Amazon.com Inc. is making its first foray into support for home ownership, putting up $40 million through nonprofit partners to create affordable housing.
The move comes after the e-commerce giant has provided some $1.7 billion to create or preserve affordable rental units as part of a $2 billion initiative launched two years ago.
The homeownership program announced Wednesday will back projects near the company’s two headquarters sites in Seattle and Arlington, Virginia, as well as Nashville, a hub for Amazon’s logistics group. The National Housing Trust, a nonprofit, will use Amazon’s cash to acquire or build affordable homes in partnership with local organizations. The company anticipates the cash going to fund community land trusts, which hold onto the underlying land, but sell the structures to defray some of the cost associated with buying a house, as well as down payment assistance.
“Traditionally in the United States, homeownership has been the path to generational wealth creation,” said Senthil Sankaran, managing principal of Amazon’s Housing Equity Fund and a former official with the Washington, D.C., Housing Authority. “We wanted to use this pilot program to understand where there might be opportunities to expand access to homeownership for folks that may be shut out from the benefits of homeownership.”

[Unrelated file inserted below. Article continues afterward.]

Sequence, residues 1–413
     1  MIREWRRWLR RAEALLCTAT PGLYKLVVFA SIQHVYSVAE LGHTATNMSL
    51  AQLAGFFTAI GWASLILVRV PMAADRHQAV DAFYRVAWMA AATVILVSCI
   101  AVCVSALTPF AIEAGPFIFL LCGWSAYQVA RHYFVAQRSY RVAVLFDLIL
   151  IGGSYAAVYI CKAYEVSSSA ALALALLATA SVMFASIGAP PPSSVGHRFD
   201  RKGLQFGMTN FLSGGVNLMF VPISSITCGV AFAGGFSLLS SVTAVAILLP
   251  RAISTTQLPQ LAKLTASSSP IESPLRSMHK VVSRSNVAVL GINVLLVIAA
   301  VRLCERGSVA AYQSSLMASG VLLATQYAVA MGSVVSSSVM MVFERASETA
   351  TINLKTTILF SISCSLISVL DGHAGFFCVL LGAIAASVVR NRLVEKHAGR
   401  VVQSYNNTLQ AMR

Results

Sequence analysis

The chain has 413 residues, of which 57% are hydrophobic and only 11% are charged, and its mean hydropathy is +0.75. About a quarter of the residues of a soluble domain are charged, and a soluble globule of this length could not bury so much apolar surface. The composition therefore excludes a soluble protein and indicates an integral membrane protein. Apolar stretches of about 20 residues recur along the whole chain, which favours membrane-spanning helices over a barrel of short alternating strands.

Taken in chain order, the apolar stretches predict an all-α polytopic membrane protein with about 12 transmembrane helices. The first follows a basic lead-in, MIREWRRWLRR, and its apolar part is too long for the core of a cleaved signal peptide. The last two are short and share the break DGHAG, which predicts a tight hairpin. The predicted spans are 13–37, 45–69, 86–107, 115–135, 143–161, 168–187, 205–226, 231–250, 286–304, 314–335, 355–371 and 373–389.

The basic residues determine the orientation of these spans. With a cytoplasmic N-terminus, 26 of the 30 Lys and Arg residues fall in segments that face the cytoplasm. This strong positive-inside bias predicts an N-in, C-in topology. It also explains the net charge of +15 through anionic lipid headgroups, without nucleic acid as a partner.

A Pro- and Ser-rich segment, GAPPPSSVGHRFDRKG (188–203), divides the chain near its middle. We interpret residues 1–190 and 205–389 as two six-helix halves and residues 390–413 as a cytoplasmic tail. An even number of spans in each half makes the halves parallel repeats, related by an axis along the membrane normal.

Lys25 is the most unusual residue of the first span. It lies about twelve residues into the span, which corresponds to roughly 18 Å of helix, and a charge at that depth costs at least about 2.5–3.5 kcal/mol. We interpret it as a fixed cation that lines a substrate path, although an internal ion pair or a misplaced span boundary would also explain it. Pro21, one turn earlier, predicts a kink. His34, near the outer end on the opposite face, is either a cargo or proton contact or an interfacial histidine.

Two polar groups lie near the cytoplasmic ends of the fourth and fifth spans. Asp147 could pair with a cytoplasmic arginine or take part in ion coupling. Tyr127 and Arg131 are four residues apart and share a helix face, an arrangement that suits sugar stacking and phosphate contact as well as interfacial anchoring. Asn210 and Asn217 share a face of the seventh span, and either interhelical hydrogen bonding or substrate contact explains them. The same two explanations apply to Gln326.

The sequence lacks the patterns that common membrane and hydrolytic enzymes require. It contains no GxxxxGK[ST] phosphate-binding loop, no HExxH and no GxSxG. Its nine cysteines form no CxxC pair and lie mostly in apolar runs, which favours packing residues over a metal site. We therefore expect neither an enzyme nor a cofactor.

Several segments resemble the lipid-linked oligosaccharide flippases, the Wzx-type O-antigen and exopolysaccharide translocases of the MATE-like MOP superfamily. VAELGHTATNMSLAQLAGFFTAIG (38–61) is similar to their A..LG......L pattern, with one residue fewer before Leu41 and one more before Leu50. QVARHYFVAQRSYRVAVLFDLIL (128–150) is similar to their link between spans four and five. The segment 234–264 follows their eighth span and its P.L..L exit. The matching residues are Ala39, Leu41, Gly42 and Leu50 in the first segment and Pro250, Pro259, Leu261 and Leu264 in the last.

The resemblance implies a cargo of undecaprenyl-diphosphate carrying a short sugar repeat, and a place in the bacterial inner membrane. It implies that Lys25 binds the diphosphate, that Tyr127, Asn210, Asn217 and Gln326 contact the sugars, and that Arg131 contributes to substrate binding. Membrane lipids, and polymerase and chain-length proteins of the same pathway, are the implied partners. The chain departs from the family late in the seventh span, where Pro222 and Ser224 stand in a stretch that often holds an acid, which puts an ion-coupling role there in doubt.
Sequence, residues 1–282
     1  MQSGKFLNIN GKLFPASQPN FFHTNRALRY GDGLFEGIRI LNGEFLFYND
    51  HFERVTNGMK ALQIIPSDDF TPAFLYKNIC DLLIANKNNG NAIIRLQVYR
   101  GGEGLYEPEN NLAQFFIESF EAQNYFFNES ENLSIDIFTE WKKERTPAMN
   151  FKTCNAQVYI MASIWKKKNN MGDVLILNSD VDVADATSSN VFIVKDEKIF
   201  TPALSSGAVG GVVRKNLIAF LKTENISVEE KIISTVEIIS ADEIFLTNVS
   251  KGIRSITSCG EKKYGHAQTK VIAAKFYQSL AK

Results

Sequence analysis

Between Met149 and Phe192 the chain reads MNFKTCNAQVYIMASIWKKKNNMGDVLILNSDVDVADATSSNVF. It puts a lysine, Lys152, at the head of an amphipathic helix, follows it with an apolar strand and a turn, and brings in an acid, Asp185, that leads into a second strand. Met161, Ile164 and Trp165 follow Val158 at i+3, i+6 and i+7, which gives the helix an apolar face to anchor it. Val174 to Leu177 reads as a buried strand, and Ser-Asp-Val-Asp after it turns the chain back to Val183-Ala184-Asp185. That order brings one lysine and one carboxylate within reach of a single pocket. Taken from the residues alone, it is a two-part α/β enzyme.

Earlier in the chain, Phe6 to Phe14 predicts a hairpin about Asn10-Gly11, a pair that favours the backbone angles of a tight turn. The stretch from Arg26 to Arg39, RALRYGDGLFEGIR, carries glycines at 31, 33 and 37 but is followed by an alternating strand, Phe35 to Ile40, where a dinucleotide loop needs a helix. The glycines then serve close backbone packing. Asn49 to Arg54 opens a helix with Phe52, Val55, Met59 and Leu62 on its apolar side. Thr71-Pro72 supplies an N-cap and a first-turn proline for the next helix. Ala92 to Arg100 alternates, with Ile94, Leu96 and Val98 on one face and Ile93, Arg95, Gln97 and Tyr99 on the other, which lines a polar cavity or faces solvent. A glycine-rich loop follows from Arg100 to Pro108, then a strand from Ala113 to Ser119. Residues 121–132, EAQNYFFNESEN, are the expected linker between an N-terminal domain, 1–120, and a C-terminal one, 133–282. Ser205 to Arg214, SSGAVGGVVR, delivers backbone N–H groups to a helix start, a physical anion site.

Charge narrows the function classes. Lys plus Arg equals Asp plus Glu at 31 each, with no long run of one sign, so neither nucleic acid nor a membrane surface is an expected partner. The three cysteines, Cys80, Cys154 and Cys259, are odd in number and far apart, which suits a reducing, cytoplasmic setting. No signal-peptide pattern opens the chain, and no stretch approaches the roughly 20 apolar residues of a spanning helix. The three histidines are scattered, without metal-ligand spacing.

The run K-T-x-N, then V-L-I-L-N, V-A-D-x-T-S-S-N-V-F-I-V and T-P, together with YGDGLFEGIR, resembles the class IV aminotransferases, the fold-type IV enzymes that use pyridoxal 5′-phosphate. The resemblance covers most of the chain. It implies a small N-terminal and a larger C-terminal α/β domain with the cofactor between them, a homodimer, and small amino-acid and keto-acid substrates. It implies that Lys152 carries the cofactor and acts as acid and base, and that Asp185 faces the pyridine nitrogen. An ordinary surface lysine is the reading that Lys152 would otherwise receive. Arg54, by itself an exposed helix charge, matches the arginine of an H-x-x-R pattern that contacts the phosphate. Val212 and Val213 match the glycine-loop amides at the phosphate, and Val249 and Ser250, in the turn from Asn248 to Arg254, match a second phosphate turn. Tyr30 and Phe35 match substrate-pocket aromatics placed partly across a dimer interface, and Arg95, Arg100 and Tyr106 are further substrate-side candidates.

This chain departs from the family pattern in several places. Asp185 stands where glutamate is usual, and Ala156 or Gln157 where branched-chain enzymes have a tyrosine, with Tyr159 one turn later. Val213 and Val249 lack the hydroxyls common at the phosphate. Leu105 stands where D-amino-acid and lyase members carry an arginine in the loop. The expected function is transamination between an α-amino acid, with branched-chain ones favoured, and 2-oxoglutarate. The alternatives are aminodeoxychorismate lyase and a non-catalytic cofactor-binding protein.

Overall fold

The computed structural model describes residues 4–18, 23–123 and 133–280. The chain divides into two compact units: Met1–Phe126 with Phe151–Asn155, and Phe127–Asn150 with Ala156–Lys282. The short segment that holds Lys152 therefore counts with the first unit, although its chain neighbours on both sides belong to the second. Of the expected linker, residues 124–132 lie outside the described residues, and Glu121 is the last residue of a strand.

Amazon committed in 2021 to investing $2 billion in below-market loans and grants to support affordable apartment units, adding its sum to the more than $5 billion fellow technology giants had earmarked to help solve a housing crisis in and around their West Coast headquarters cities. The companies have funded a variety of approaches, from low-cost loans to nonprofits to partnerships with government entities or state affordable housing funds. Amazon’s effort is centered on people who make too much to qualify for most government assistance, but are unable to keep up with rising housing costs.
Would-be homebuyers in the last year have had to contend with rising interest rates that can put mortgage loans out of reach. U.S. housing affordability in July was at a record low going back to 1989, the National Association of Realtors said last week.
Amazon’s original fund, which was launched with a goal of creating or supporting the preservation of 20,000 housing units by 2025, is nearing the end of its initial outlay. Sankaran said it was premature to say whether Amazon would reinvest the sum in perpetuity, or whether the scale of the new homeownership program would be expanded in the future. Amazon, thus far, said it has helped build or preserve more than 14,000 rental units to date.
“We’re going to have some additional announcements coming forward,” Sankaran said. “Right now, I’m very focused on meeting the goals.”